MEDIA ROUNDUP: News shows require fresh approach

Because Sunday news programs mainly look to government officials when booking their guests, PR pros should try to influence the topics of the shows instead.

Because Sunday news programs mainly look to government officials when booking their guests, PR pros should try to influence the topics of the shows instead.

Despite an ever-changing cast of politicians and policy makers, Washington, DC, remains a city of old habits, and one of those takes place on weekends. "Washington on Sunday is quiet two times," says Craig Shirley, president of Shirley & Bannister. "In the morning, when everyone watches Tim Russert, Face the Nation, or Fox [News], and in the afternoon, when the Redskins are on." Even with the arrival of all-news cable outlets, the internet, and political talk radio, it's safe to say Face the Nation, Meet the Press, This Week, and Fox News Sunday are still considered the best media "get" in Washington. They serve as the platform where every governor with national political aspirations wants his or her coming out, as well as the place where top officials go to articulate the latest policies. "The crowd 'inside-the-Beltway' will still follow those Sunday morning shows religiously for a chance to hear directly from newsmakers who don't necessarily do appearances on cable news," says Khristine Bershers, director of media services for the Heritage Foundation. But for public affairs, these programs represent a near-impossible target for most clients. "Those shows are so proscribed in terms of the topics that they tend not to be responsive to a traditional pitch," says Gwen McKinney, president of Washington-based McKinney & Associates. "For one thing, it's the news cycle that drives them. And for another, they want to be picked up by The Washington Post and The New York Times on Monday, so they are not going to be looking for some little guy with thoughtful insights. They want top politicians." Recent changes Though the format, with the political and policy-making elite being interviewed by top journalists, stays consistent, the Sunday morning news shows have gone through some changes in recent years. Ever conscious of ratings, all the Sunday news programs are far more likely to advance or promote their latest exclusive guests, not only to increase viewership, but also to alert the rest of the national press corps that they are very likely to have news worth following up on. "In the old days, it was more high-minded policy discussions, and I think, probably, the ratings reflected it," says Shirley, who last year was able to place Sen. Zell Miller (D-GA) on Meet the Press for the launch of his book, A National Party No More. "Now it's as much about the sizzle as it is about the steak. They like to create their own news, and so Sunday afternoon on the wires you see a quote from Dick Cheney or Colin Powell from Meet the Press." The tone of these shows also tends to be far more civil than the nightly shout-fest found on Hannity & Colmes, but make no mistake - this is still high-stakes political hardball. "Everyone would agree that probably Tim Russert is the best interviewer on television, but they all do a great deal of prepping," Shirley says. "They used to ask a question, get an answer, and then ask another question. But now most guys do follow-up questions based on the answers they receive because they're so well prepared." This, combined with the shows' prestige, makes thoroughly preparing guests all the more imperative. "We always do 'murder boards' for our clients - 20 or 30 hard questions and the answers - and we sit them down for an hour or two and drill them, and help them shape their responses," Shirley says. Shaping the debate Though it is a bit easier to place guests on these shows during non-election years, most public policy pros suggest the best strategy for Sunday morning national programs might be to focus more on shaping the debate. "When they want to talk about defense, they don't really need an expert from our group because they can get Donald Rumsfeld," Bershers says. But I can get the studies that we do in the hands of producers so a Tim Russert can say the Heritage Foundation had this to say about the new farm bill when questioning Tom Daschle." Shirley also notes the increased interest in the advertising that surrounds elections is also providing new opportunities to influence these shows. "One of our clients is Club for Growth, and it has a commercial set to run in South Dakota against Daschle," he says. "One of my account executives offered Meet the Press an exclusive on the ad before its release, and [the show was] very interested," he says. Pitching... Sunday news shows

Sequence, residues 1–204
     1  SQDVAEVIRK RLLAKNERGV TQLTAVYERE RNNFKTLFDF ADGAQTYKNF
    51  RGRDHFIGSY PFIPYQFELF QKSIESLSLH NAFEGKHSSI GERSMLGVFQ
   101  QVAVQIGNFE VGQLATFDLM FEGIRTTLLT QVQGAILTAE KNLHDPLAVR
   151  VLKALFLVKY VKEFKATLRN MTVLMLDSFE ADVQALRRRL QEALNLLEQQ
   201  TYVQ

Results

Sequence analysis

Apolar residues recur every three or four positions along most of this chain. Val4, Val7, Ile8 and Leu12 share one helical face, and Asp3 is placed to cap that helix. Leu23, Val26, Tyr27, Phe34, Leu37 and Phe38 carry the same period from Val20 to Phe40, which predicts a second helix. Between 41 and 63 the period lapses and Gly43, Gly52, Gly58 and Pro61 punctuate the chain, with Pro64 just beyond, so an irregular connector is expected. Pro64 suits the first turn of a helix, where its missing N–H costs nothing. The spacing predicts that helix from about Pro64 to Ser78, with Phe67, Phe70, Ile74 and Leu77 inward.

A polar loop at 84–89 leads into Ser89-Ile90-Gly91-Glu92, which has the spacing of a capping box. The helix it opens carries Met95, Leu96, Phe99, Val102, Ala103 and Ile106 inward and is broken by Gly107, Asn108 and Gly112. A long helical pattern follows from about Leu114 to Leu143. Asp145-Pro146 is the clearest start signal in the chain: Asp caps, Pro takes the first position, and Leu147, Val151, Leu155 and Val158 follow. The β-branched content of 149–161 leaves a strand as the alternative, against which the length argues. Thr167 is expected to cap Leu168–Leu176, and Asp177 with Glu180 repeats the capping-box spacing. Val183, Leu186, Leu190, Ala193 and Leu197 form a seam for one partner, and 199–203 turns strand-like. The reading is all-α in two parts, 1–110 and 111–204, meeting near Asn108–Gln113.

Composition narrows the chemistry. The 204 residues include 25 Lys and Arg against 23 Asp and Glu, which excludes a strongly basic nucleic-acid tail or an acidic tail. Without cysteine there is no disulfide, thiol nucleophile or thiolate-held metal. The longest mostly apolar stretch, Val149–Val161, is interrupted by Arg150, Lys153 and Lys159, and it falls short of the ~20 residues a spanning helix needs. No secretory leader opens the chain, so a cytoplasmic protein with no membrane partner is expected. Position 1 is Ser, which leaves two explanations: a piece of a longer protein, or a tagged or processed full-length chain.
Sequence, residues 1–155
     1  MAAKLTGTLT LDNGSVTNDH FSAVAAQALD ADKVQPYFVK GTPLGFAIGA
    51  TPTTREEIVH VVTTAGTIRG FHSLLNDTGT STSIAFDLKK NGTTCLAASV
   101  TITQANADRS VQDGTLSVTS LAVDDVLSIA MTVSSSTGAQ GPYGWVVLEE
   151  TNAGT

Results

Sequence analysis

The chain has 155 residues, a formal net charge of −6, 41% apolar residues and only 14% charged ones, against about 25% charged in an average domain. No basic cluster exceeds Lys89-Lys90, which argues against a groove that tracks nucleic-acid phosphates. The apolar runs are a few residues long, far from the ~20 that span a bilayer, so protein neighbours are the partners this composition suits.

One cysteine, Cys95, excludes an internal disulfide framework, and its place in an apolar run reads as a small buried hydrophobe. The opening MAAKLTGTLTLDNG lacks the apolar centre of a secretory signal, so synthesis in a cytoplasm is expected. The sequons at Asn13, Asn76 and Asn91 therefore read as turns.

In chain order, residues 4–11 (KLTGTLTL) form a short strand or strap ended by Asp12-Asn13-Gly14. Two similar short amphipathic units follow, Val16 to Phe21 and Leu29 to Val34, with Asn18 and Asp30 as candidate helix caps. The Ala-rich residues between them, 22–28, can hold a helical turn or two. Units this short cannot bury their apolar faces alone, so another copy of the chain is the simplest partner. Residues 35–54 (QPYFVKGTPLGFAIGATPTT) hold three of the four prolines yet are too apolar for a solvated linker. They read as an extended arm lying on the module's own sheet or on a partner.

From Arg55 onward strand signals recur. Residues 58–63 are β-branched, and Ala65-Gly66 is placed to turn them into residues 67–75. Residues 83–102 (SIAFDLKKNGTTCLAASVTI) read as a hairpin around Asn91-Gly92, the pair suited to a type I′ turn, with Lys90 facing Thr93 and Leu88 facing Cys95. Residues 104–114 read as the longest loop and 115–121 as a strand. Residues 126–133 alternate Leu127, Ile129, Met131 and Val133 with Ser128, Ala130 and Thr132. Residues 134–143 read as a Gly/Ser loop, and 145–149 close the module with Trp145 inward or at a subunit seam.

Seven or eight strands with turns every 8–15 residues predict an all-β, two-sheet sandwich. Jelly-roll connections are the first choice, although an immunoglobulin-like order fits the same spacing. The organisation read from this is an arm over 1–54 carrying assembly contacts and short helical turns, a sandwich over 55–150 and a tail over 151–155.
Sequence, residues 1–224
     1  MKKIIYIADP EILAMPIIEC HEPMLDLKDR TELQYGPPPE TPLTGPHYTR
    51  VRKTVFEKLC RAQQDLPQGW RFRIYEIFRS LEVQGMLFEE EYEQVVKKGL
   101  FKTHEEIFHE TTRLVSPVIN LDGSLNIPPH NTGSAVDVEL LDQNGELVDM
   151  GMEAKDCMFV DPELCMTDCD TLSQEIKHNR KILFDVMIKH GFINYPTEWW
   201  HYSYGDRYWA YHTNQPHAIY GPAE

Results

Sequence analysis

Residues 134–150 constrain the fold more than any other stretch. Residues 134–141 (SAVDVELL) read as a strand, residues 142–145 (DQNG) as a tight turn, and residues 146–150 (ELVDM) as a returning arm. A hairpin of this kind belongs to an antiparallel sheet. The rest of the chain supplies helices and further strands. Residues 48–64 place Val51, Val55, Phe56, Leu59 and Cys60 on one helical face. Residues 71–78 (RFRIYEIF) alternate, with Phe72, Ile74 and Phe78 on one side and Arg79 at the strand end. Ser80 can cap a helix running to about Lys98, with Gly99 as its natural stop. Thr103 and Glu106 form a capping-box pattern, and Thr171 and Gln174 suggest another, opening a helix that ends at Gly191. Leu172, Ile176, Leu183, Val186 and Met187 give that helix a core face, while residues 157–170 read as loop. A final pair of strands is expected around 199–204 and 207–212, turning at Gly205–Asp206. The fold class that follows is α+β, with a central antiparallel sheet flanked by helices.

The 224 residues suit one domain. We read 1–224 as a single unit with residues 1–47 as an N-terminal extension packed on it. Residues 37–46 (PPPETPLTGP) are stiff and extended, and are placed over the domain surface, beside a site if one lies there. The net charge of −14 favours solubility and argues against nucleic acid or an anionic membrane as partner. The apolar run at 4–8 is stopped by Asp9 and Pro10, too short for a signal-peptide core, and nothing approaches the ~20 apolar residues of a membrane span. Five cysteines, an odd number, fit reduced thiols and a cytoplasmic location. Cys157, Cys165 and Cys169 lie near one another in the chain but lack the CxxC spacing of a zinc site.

• The Sunday morning news shows are the Holy Grail for political and public affairs PR, but are really hard to get onto. Work instead to get policy papers in the hands of producers, so at least your clients have a chance at shaping the debate.
  • No booker is immune to getting the hot guest that the competition won't have, so look to offer up exclusives, especially for politically themed books and authors.
  • A good performance on Meet the Press, Face the Nation, This Week, and Fox News Sunday can often make a politician's or policy maker's career, so make sure you do extra preparation beforehand, including hours of crafting potential questions.

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